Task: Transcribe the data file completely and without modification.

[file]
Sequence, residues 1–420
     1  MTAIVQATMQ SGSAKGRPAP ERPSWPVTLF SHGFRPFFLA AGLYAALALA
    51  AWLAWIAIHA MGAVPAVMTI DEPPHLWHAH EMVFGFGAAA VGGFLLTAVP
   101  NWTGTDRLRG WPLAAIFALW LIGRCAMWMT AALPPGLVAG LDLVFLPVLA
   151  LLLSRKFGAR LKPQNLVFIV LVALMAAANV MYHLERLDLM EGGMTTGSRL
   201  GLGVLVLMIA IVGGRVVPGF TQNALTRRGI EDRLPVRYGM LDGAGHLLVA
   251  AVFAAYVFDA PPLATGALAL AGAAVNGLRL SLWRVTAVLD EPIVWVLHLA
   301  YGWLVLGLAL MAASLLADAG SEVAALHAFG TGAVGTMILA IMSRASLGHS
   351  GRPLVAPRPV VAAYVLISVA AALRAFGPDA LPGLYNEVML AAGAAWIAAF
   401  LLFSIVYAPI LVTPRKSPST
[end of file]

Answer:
Sequence, residues 1–420
     1  MTAIVQATMQ SGSAKGRPAP ERPSWPVTLF SHGFRPFFLA AGLYAALALA
    51  AWLAWIAIHA MGAVPAVMTI DEPPHLWHAH EMVFGFGAAA VGGFLLTAVP
   101  NWTGTDRLRG WPLAAIFALW LIGRCAMWMT AALPPGLVAG LDLVFLPVLA
   151  LLLSRKFGAR LKPQNLVFIV LVALMAAANV MYHLERLDLM EGGMTTGSRL
   201  GLGVLVLMIA IVGGRVVPGF TQNALTRRGI EDRLPVRYGM LDGAGHLLVA
   251  AVFAAYVFDA PPLATGALAL AGAAVNGLRL SLWRVTAVLD EPIVWVLHLA
   301  YGWLVLGLAL MAASLLADAG SEVAALHAFG TGAVGTMILA IMSRASLGHS
   351  GRPLVAPRPV VAAYVLISVA AALRAFGPDA LPGLYNEVML AAGAAWIAAF
   401  LLFSIVYAPI LVTPRKSPST